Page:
Learning And Using JavaScript Eloquently

Spread the love

First, let me disabuse you of the notion that “JavaScript” and “Java” are totally unrelated to each other other than having the word “Java” in both. That is a bit of revisionist history that serves no real purpose. On the other hand, JavaScript is not a scripty version of Java by any means. The two are different languages, developed independently, for very different purposes. The overlap or connection stems in part from the fact that early thinking about getting a language to program stuff inside browsers was happening when Java was emerging, and Java would be likely considered the default language to use for such a think, if a full blow real life language would ever be considered for this task. JavaScript have elements that look like Java, and was created by Brendan Eich to use instead of Java and it was, at the time, called Mocha, which is a coffee drink and Java is coffee and they drank a lot of coffee so….)

The fact that this is a falsehood, however, is irrelevant. JavaScript is not Java (though they have a mingled early history of a sort) and JavaScript is the language you are likely to use if you want to program stuff inside a web browser.

There is already a lot of stuff programmed into pages viewed by browsers, so knowing something about JavaScript is probably something you want if you are messing around at all in this area, even if just to fix stuff up or adapt it. And, a good way to do that is to get a hold of Marijn Haverbeke’s new book Eloquent JavaScript, 3rd Edition: A Modern Introduction to Programming.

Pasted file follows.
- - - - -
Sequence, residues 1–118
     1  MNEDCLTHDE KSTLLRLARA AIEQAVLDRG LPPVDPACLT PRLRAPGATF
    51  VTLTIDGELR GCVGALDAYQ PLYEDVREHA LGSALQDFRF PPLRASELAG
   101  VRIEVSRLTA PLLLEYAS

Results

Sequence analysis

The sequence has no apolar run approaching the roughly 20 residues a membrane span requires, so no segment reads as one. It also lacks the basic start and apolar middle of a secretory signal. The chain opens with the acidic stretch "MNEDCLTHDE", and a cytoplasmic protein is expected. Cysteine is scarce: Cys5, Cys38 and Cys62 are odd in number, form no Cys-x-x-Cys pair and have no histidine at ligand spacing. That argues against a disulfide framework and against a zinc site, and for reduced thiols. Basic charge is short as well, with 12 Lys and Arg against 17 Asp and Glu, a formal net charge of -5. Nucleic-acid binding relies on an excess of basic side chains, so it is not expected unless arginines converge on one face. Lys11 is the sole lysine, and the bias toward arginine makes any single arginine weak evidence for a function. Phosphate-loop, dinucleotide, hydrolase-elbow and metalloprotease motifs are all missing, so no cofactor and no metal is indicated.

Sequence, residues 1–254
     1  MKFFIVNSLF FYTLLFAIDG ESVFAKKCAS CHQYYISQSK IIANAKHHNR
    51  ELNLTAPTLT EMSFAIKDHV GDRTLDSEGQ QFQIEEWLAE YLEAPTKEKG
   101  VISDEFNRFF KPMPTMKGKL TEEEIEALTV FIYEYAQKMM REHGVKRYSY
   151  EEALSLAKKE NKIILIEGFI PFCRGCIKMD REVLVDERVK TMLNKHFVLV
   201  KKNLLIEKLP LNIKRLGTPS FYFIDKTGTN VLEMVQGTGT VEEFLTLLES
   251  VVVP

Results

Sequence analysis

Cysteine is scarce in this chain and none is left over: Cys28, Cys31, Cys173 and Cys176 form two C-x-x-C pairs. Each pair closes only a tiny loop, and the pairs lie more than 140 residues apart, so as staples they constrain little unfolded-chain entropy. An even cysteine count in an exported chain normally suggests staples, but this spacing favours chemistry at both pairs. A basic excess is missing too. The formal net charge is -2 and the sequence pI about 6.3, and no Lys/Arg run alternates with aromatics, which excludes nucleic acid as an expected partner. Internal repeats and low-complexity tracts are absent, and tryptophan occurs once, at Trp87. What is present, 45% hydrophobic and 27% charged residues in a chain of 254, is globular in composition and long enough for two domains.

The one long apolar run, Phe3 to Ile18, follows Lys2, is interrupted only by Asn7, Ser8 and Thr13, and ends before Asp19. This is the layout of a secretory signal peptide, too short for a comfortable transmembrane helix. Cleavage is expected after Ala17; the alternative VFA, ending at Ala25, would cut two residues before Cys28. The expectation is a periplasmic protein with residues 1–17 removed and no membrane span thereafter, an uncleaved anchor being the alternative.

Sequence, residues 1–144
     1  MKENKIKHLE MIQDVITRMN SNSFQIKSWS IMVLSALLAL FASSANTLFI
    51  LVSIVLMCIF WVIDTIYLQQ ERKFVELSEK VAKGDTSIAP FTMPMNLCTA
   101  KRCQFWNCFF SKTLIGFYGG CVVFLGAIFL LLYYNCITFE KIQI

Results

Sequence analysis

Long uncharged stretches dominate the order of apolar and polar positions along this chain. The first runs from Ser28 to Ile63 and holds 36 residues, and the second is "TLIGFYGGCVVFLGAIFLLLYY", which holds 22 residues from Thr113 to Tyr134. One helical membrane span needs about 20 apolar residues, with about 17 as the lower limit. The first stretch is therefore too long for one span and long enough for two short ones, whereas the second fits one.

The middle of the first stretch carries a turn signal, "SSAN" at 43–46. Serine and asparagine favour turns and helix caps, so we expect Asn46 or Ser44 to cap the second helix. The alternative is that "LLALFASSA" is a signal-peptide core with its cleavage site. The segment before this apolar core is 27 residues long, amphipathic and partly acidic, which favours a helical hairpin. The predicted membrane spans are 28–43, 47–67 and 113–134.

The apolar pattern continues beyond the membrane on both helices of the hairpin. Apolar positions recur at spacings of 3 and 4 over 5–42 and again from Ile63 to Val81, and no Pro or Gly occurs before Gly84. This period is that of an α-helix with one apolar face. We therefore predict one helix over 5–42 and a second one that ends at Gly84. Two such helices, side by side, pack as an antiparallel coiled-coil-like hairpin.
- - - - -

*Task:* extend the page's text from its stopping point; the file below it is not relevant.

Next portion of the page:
Everybody hates JavaScript, including, it would seem, its creator (see video below) and Haverbeke, the author of this book. But they also love it, and use it, and know about it, as well should you, probably (if you are reading this far). The book lays out the basics of how the language works, then guieds you through sticking JavaScript stuff into your browser. In particular, Haverbeke goes through a number of very instructive and exemplary examples. There is a pretty good chance that something you want to create, modify, or fix, relates in some way to one or more of the small projects in the book, and from there, you can understand and recode or create as you need to.

The book also covers Node.js.

Here is the TOC:

Table of contents

Part I: Language

Chapter 1: Values, Types, and Operators
Chapter 2: Program Structure
Chapter 3: Functions
Chapter 4: Data Structures: Objects and Arrays
Chapter 5: Higher-Order Functions
Chapter 6: The Secret Life of Objects
Chapter 7: Project: A Robot
Chapter 8: Bugs and Errors
Chapter 9: Regular Expressions
Chapter 10: Modules
Chapter 11: Asynchronous Programming
Chapter 12: Project: A Programming Language

Part II: Browser

Chapter 13: JavaScript and the Browser
Chapter 14: The Document Object Model
Chapter 15: Handling Events
Chapter 16: Project: A Platform Game
Chapter 17: Drawing on Canvas
Chapter 18: HTTP and Forms
Chapter 19: Project: A Pixel Art Editor

Part III: Node

Chapter 20: Node.js
Chapter 21: Project: Skill-Sharing Website
Chapter 22: JavaScript and Performance

Marijn Haverbeke┬áis a programming language enthusiast and polyglot. He’s worked on a wide range of software systems, from databases to compilers to editors. He runs a small business around his open source projects.

Have you read the breakthrough novel of the year? When you are done with that, try:

In Search of Sungudogo by Greg Laden, now in Kindle or Paperback
*Please note:
Links to books and other items on this page and elsewhere on Greg Ladens' blog may send you to Amazon, where I am a registered affiliate. As an Amazon Associate I earn from qualifying purchases, which helps to fund this site.

Spread the love

Leave a Reply

Your email address will not be published. Required fields are marked *